There is no doubt that research and development of new diagnostic technologies and effective drugs must go ahead with full thrust. But there is no single 'magic wand' intervention and therefore deploying existing diagnostic tools optimally and managing treatment well are no less a priority to reach the formidable tuberculosis (TB) related goal of zero new infections, deaths and suffering.
There is no doubt how important it is for public health to find a TB case as early as possible, to get a confirmed and accurate laboratory based diagnosis of the disease done and successfully complete treatment and care. But are new state-of-the-art diagnostic tools in the market really helping in finding a TB case early on? Theoretically if we diagnose a TB case earlier the person should be able to receive standard treatment earlier than usual too. But realistically other ‘influencers’ factor in making it very clear that merely getting a new technology or tool alone will not become a ‘magic bullet’ but how we deploy it and programme it will get us the desired outcomes.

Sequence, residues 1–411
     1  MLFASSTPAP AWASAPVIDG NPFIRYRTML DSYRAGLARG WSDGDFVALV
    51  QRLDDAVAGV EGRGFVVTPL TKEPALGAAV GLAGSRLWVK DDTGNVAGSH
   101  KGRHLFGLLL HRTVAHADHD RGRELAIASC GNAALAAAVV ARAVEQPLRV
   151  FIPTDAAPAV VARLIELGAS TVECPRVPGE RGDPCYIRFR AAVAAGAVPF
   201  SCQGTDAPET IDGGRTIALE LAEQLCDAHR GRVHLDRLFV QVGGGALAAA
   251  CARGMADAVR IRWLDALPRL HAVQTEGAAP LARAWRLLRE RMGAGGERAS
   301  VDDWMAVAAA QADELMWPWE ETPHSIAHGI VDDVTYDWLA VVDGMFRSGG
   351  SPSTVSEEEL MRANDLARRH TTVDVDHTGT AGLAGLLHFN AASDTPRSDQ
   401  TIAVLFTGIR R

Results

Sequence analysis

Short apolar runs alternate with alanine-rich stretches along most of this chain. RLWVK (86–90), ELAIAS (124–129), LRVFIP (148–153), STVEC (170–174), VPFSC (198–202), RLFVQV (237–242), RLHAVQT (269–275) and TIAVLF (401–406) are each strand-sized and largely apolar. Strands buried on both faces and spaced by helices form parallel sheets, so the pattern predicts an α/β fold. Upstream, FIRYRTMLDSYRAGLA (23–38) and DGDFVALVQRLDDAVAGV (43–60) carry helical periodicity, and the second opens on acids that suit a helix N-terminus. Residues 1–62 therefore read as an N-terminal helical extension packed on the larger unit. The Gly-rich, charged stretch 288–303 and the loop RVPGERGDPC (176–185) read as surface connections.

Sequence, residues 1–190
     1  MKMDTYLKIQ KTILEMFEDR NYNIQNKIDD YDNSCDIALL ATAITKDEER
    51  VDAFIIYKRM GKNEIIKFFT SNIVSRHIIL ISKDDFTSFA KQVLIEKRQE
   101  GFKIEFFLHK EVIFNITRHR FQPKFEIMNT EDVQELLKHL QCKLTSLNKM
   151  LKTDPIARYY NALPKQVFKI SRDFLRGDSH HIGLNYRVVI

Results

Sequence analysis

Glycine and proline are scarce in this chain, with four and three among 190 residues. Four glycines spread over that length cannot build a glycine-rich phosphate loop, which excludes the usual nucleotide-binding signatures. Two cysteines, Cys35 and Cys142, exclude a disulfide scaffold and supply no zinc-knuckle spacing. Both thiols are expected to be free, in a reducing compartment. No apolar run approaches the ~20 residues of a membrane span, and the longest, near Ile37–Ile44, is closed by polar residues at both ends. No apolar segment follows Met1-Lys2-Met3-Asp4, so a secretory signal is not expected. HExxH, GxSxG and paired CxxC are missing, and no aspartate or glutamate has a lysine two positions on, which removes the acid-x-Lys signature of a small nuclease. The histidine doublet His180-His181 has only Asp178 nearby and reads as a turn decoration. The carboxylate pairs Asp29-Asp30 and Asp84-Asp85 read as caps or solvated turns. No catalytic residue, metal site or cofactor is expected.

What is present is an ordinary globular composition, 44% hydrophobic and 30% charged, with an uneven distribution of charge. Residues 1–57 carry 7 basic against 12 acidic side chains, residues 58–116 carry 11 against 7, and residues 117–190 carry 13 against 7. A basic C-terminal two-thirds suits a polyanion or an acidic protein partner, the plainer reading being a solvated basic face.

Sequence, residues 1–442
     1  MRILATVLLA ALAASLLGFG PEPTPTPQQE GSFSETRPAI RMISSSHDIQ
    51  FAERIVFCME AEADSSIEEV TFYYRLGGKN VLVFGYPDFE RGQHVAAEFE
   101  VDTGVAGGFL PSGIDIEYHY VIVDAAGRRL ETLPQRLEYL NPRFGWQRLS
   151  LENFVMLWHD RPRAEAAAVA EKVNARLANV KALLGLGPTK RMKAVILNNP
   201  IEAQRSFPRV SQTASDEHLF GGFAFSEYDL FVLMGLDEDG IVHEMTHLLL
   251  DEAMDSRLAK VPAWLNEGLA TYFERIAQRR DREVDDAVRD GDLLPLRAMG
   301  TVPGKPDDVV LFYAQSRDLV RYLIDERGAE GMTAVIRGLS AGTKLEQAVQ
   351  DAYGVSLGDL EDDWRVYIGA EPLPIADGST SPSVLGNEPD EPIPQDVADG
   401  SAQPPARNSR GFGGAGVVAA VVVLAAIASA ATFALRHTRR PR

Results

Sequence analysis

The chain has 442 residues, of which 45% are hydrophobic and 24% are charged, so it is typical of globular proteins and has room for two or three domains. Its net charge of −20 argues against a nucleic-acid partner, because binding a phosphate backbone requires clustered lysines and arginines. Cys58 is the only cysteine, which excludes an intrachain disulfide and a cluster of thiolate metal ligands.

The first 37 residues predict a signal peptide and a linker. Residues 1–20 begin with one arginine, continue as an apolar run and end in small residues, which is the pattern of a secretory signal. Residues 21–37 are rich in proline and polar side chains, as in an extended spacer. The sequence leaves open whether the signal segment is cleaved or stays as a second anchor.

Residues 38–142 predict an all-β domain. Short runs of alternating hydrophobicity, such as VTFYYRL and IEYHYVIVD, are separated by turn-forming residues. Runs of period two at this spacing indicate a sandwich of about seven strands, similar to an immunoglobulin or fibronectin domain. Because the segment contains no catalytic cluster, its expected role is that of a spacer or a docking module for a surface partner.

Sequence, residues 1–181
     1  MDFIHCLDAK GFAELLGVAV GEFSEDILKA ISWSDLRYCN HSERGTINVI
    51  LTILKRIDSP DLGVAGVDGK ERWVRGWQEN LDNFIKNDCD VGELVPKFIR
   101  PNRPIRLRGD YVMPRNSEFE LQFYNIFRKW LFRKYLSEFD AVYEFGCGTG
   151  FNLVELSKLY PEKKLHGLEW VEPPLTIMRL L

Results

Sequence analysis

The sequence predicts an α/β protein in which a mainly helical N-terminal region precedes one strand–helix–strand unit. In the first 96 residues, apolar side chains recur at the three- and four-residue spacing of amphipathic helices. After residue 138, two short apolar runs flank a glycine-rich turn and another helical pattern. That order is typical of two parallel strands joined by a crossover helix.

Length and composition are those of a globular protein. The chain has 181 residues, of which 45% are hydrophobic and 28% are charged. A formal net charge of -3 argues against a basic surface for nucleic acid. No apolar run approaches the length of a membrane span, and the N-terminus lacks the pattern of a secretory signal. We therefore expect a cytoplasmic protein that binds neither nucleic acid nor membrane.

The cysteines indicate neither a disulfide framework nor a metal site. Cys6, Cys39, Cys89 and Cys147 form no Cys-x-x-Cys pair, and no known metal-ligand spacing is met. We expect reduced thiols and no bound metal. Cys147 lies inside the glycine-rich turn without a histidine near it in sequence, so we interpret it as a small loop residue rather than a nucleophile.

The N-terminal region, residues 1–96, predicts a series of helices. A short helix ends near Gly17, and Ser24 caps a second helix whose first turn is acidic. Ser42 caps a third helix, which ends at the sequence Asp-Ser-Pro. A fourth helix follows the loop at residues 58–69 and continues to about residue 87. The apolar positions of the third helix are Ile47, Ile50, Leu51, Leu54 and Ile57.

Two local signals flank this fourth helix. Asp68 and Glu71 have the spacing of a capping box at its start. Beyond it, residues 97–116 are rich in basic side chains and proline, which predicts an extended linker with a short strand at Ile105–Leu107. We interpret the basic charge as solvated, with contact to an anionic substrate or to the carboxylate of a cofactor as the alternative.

Dr Pren Naidoo from South Africa evaluated whether deployment of new rapid diagnostic tools such as GeneXpert MTB/RIF has made a real difference in Cape Town, South Africa, in terms of increasing TB and multidrug-resistant TB (MDR-TB) screening, case detection of TB and MDR-TB, reduction of time duration between getting a confirmed accurate diagnosis and initiation of treatment, and cost effectiveness, among other study objectives. Dr Naidoo was speaking at the 44th Union World Conference on Lung Health where Citizen News Service (CNS) team provided thematic coverage.
Cape Town had reported 28658 cases of TB and 953 MDR-TB cases in 2011. Hain's Line Probe Assay (LPA) was available in Cape Town since 2008 to provide drug-susceptibility testing (DST) and confirmed diagnosis for smear positive MDR-TB cases. GeneXpert MTB/RIF was introduced in Cape Town in 2011 in a phased manner across 8 sub-districts.